And in the middle are a couple of "accidental landlords". People who got married and instead of selling one of their properties kept it and rented it out, people who rented out their old house when they moved for a new job, or people who inherited a property and decided to keep it and rent it out. I get the impression this group may change their attitudes if they see a prolonged decline in property prices, but I don't see them rushing into a decision. We probably need both this spring house selling season and the next one to fail miserably before the general consensus is that property is a busted flush.

The trouble is I've no idea how the total number of BTL landlords breaks down, if most BTL properties are owned by recent and highly geared landlords then the BTL crash could happen quickly, but if most BTL landlords are more experienced and have deeper pockets then it may prove much slower.

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Guest barebear
yes let's agree to do that shall we ;) please feel free to have last word :)

Awe sorry did you wnt the last word even though your jumping the gun and wrong wrong wrong :rolleyes:;) .Look I can do silly little winks as well and be sarky.

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For some BTL landlords...but not for all. The BTL landlords I know fall into three very different categories, some are squealing but others are pretty indifferent.

One or two are long term landlords who built up the majority of their portfolios many years ago, they didn't bail out when the property market looked like it might fall in 2005, and I doubt they're going to jump now.

At the other extreme are a couple of individuals where I work, who have climbed on the bandwagon in the last few years with sky-high LTV ratios, this group isn't sleeping too well at the moment!

And in the middle are a couple of "accidental landlords". People who got married and instead of selling one of their properties kept it and rented it out, people who rented out their old house when they moved for a new job, or people who inherited a property and decided to keep it and rent it out. I get the impression this group may change their attitudes if they see a prolonged decline in property prices, but I don't see them rushing into a decision. We probably need both this spring house selling season and the next one to fail miserably before the general consensus is that property is a busted flush.

The trouble is I've no idea how the total number of BTL landlords breaks down, if most BTL properties are owned by recent and highly geared landlords then the BTL crash could happen quickly, but if most BTL landlords are more experienced and have deeper pockets then it may prove much slower.

We all have contacts/anecdotes that highlight very little when looking at the overall market, we have to deal with averages and meaningful data IMHO to make vaild arguments. iirc BTL has only existed as a phenomena for approx. ten years (ARLA). The stats from the CML suggest it (BTL) went mainstream from 2004 onwards. Over half of BTL mortgage business has been written in the past four years. Not sure of the % crash that would wipe out (average) equity gains made since then, 28%? not good is it. Banks and lenders are actively encouraging BTL mortgages as the intelligence is that there's money to take back, where better to find it than off the criminally naive ;)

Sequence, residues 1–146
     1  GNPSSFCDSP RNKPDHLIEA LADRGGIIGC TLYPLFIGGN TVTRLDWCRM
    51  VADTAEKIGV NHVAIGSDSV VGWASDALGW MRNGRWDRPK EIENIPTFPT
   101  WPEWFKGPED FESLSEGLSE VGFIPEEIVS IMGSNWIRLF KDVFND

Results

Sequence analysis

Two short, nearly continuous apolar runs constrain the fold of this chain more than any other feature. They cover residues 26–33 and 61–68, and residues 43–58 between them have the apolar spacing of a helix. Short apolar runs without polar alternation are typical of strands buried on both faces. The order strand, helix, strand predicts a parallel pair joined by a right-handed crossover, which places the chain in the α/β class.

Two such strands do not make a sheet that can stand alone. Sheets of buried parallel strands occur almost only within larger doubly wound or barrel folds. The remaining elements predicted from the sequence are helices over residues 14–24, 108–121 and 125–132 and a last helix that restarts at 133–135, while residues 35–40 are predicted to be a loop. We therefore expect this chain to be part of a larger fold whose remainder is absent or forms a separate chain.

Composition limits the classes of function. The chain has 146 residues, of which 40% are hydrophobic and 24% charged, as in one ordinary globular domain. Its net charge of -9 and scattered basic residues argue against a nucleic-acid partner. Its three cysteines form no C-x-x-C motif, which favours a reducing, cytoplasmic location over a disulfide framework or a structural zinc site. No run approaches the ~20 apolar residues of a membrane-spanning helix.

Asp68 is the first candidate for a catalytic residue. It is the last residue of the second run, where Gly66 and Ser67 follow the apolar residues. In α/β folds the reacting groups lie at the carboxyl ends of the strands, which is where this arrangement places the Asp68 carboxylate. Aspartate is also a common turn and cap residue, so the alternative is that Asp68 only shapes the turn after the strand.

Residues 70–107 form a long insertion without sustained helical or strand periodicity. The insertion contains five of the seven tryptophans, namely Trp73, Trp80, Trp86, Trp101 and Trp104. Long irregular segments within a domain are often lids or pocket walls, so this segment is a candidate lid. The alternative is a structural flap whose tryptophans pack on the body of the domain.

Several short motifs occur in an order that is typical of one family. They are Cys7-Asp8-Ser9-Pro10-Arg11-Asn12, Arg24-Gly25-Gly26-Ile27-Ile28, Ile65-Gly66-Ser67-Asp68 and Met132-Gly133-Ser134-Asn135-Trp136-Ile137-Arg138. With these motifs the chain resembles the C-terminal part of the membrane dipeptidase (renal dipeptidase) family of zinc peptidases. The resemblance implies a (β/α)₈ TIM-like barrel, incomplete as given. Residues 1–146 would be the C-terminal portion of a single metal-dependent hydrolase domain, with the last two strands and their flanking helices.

Edited by Converted Lurker

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We all have contacts/anecdotes that highlight very little when looking at the overall market, we have to deal with averages and meaningful data IMHO to make vaild arguments. iirc BTL has only existed as a phenomena for approx. ten years (ARLA). The stats from the CML suggest it (BTL) went mainstream from 2004 onwards. Over half of BTL mortgage business has been written in the past four years. Not sure of the % crash that would wipe out (average) equity gains made since then, 28%? not good is it. Banks and lenders are actively encouraging BTL mortgages as the intelligence is that there's money to take back, where better to find it than off the criminally naive ;)

I couldn't agree more that we need a rigorous, fact based analysis. Which is why today's data from the CML, suggesting a significant increase in BTL lending, is so concerning.

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Banks and lenders are actively encouraging BTL mortgages as the intelligence is that there's money to take back, where better to find it than off the criminally naive ;)

Being a bear of very little brain, I'm a bit confused by this thread. The sub-title says "dramatic representation, may not ever happen!!"...so are you predicting what will happen? or is it happening? or is this just a possible scenario?